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Hive is an abstract board game for two players. Players compete to gain control of a hive, trying to surround their opponent's queen bee to win the game.

Start of the game

Each player takes all pieces of their color (white or black) into their reserve. The following pieces are available:

  • 1 queen bee
  • 2 beetles
  • 2 spiders
  • 3 ants
  • 3 grasshoppers

Additionally, expansion pieces are available if the game is played with them:

  • 1 ladybug
  • 1 mosquito
  • 1 pill bug

Initially, the play area is empty.

Player's turn

During a player's turn, a player may do one of two actions:

  • Place a piece from their reserve to the play area
  • Move one of their pieces in the play area

At the start of the game, a player may only place pieces until they place their queen bee. In addition, the queen bee must be placed by a player's fourth turn; if after three turns a player hasn't placed their queen bee, they must place it on the fourth turn.

If a player is able to make a legal move, they must do so. If a player is unable to make any legal move, they must pass.

Placing a piece

To place a piece, a player takes one piece from their reserve and places it in the playing area. The piece must touch at least one of their own pieces by a complete side, and it may not touch any of the opponent's pieces.

Exception: The first piece placed, of course, will not touch anything, and the second piece placed will necessarily touch the first piece (of the opposing color).

Second exception: When a beetle is on top of one or more pieces, "...the stack [of pieces] takes on the colour of the Beetle."

Moving a piece

To move a piece, a player chooses one of their pieces in the play area and moves it according to its movement rules below. The following golden rules must be followed at all times:

  • Adjacent pieces must always share a complete side, never part of a side or touching only at a point. Imagine a hexagonal grid; each piece occupies one such space on the grid.
  • The One Hive rule: The hive may not be disconnected at any time. When a player moves a piece, the rest of the pieces must form a contiguous group, and the moved piece must also end up adjacent to the group.
  • The Freedom of Movement rule: A piece must be physically able to be moved to its destination, one space at a time. In most cases, this means a piece must "slide" to its destination. Some configuration of pieces might leave a gap that is too narrow for a piece to pass through. A piece that climbs can also be subject to this rule, if there are two tall stacks that leave a narrow gap.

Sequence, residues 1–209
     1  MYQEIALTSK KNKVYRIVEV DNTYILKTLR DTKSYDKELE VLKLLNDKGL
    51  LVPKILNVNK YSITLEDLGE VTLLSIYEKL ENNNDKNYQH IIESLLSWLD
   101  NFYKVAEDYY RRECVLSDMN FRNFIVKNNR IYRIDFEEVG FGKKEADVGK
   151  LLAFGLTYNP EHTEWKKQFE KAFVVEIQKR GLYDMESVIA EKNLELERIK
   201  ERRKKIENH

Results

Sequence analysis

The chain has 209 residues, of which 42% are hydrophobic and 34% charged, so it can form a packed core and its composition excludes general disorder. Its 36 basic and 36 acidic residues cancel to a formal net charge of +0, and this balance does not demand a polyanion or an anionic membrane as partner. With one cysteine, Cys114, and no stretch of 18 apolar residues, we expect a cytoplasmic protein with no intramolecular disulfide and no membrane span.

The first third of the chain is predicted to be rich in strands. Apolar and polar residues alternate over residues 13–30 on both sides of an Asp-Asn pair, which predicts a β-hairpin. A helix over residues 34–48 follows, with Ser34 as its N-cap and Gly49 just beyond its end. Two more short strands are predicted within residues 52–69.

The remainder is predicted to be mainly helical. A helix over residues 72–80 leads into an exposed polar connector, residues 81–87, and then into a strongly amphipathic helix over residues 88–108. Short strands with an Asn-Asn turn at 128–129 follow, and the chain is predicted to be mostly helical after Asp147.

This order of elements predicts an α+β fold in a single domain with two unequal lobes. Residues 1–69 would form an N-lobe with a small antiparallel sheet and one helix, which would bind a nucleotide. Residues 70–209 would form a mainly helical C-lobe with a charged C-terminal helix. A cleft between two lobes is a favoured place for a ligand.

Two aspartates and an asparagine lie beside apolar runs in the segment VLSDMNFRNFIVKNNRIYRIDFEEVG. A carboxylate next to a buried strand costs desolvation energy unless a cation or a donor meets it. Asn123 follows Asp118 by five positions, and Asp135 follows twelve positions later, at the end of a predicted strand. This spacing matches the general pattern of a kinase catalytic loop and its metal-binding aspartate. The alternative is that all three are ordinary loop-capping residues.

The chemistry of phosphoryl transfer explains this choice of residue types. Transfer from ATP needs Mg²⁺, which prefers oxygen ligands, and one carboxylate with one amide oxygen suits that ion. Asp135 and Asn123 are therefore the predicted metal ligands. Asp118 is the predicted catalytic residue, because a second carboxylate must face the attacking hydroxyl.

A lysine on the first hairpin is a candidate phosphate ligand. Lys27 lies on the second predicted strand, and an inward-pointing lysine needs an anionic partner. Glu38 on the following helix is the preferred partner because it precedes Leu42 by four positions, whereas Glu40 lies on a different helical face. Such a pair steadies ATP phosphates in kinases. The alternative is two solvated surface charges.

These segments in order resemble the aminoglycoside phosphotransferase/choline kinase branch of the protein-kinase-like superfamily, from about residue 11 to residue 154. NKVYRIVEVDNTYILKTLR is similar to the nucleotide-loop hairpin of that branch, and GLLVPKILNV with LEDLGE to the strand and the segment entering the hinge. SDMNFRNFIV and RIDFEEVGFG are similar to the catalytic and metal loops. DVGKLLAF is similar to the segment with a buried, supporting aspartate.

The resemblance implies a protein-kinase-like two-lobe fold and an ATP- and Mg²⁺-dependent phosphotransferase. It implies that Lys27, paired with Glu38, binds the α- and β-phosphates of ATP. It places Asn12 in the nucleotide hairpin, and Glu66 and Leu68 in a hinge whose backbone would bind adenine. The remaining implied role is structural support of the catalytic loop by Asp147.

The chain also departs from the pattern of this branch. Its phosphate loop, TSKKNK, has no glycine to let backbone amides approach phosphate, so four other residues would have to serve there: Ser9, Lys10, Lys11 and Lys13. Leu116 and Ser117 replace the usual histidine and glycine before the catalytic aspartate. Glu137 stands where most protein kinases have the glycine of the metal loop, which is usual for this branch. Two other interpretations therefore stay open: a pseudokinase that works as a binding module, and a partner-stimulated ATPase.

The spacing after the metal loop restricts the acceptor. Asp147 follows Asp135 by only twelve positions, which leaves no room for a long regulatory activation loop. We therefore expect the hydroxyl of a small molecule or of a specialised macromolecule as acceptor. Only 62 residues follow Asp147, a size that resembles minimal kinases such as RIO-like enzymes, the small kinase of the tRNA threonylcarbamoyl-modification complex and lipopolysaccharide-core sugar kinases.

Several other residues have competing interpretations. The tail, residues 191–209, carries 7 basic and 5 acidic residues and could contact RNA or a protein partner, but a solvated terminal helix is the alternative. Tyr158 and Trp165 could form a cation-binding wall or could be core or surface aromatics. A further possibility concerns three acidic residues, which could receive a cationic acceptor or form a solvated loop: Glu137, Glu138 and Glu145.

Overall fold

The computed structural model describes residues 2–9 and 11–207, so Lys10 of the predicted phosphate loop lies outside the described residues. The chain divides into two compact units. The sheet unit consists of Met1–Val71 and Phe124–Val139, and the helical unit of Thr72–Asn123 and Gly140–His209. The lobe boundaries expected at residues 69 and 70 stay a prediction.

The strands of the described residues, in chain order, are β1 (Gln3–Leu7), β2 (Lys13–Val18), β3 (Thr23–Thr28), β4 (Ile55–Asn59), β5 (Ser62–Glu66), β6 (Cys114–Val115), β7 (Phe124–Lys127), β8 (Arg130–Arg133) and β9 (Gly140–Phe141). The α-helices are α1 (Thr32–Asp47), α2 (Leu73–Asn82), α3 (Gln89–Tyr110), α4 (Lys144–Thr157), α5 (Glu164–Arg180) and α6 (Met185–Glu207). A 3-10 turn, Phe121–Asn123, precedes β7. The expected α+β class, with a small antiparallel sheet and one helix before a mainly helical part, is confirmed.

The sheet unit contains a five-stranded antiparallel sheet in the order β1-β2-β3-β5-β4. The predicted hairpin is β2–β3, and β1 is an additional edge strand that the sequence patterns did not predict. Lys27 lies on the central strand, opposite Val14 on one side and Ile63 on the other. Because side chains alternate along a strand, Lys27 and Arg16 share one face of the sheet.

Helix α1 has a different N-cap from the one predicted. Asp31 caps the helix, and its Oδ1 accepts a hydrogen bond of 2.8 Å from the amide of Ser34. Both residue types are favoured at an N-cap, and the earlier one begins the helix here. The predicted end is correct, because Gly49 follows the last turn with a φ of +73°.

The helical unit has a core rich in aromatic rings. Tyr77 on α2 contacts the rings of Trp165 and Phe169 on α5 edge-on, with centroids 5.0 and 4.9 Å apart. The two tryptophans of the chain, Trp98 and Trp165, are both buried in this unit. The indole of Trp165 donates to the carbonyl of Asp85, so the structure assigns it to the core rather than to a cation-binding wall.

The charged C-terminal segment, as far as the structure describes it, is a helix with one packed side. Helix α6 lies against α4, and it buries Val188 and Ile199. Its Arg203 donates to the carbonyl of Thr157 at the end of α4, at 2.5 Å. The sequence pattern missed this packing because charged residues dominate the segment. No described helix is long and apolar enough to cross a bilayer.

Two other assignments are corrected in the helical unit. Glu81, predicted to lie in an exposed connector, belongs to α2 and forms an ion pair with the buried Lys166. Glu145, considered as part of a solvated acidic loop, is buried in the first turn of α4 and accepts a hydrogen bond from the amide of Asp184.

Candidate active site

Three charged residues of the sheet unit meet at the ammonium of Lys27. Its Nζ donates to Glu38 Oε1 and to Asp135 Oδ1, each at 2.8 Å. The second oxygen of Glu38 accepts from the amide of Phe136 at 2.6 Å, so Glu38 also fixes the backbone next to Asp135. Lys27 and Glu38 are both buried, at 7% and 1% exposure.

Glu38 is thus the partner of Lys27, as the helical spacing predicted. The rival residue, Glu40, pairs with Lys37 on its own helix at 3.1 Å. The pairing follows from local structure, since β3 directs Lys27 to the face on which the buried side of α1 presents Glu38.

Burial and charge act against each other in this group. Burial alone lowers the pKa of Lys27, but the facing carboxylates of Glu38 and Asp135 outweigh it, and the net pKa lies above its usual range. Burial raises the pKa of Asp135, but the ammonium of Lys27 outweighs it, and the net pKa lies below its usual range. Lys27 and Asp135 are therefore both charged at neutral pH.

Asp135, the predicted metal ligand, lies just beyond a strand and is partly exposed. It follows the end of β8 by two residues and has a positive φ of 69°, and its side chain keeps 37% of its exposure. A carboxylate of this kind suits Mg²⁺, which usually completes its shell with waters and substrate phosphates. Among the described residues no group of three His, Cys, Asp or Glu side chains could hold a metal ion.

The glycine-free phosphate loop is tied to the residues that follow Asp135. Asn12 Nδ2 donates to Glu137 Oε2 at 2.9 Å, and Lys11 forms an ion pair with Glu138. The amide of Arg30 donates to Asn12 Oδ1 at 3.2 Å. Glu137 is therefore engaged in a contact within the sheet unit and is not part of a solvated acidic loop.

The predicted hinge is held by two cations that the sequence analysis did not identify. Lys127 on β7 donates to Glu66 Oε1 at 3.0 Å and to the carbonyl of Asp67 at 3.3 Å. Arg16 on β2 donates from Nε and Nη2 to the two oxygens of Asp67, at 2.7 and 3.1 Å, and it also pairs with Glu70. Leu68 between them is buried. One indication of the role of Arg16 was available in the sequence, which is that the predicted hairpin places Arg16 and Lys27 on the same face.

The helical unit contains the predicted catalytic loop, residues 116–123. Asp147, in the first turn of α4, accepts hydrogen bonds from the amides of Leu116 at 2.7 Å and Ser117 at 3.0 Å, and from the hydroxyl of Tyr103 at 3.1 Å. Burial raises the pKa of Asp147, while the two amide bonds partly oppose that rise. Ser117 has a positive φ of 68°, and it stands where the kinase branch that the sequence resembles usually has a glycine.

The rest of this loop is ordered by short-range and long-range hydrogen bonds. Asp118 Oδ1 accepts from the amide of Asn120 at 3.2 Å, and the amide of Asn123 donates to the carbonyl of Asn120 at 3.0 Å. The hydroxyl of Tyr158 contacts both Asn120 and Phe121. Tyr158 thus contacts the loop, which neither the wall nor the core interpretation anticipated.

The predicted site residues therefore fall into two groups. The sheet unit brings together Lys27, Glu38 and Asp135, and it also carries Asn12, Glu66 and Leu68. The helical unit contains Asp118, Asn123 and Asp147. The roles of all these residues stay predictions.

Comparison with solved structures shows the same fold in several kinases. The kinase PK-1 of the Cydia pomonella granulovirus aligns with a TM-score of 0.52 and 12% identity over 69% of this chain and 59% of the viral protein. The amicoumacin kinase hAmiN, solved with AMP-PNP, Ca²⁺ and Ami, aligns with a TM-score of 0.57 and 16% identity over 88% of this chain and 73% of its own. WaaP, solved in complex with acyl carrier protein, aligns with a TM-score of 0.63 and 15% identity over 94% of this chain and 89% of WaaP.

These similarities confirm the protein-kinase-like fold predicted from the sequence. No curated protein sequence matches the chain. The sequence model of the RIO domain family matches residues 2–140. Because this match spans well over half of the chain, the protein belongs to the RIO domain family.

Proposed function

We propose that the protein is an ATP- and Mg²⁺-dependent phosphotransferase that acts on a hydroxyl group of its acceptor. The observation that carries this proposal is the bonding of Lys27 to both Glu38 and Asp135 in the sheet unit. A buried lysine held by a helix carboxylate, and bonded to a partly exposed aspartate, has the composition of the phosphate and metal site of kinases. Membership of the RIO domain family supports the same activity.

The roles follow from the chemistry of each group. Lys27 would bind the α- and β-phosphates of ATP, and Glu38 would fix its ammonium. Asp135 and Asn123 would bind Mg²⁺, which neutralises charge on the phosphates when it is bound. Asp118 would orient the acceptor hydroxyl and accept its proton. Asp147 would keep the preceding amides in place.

Piece movement rules

  • Queen bee: slides to an adjacent space. A player loses if their queen bee is surrounded (see below).
  • Beetle: slides or climbs to an adjacent space. The beetle may climb over other pieces; if an adjacent space is occupied by a piece (of either color), a player may move their beetle on top of the piece. The piece underneath is immobilized and cannot move until the beetle moves away. It's possible to have beetles climbing over other beetles, making a taller stack. If a beetle moves on the same level, it slides.
  • Spider: slides three spaces around the hive. The spider may not turn back within the same move. Occasionally the spider may be adjacent to more than one part of the hive during the move; it may continue crawling on any side of the hive it touches as long as it's not traveling backwards.
  • Ant: slides to anywhere. The ant may move anywhere as long as the golden rules are respected.
  • Grasshopper movement
    Grasshopper: jumps over a line of pieces. The grasshopper picks a direction, then jumps in that direction, landing on the first empty space. It must jump over at least one piece (of either color, which may also be a grasshopper).
  • Ladybug: climbs for two spaces then drops back down. Like the spider, the ladybug moves three spaces: the first and the second are on top of the hive, and the third must brings it back to ground level.
  • Mosquito: moves like any piece it's touching. The mosquito may choose any piece it's adjacent to, and copies its movement. It may climb onto the hive as a beetle; then, while on top of the hive, it is a beetle (even if it doesn't touch any beetle) until it moves to ground level. A mosquito that is only adjacent to another mosquito cannot move. A stack of pieces is treated as a beetle for the mosquito (it may not copy a piece underneath the beetle). If the pill bug is also in play, a mosquito adjacent to a pill bug may copy the special ability of the pill bug.
  • Pill bug: slides a single space, or moves an adjacent piece to another space adjacent to the pill bug. If the pill bug decides to move another piece, it chooses a piece adjacent to it, moves it up onto the pill bug, and moves it back down to another empty space. The pill bug may not move the piece that just moved in the previous turn, and the piece moved may not move in the next turn. The pill bug may not move any piece in a stack of pieces. The pill bug must also respect the golden rules (in particular, a piece may not be moved if it will break the hive, or if the gap is too narrow).

End of the game

The game ends when a queen bee is surrounded on all six sides (by pieces of either color). The owner of the surrounded queen bee loses.

In case both queen bees are surrounded at the same time, the game is a draw. In addition, players may agree to a draw if the game ends in a stalemate, of repeating moves over and over.


  • Ladybug: The ladybug piece is used.
  • Mosquito: The mosquito piece is used.
  • Pill bug: The pill bug piece is used.
  • Tournament opening rule: The queen may not be placed in the first turn.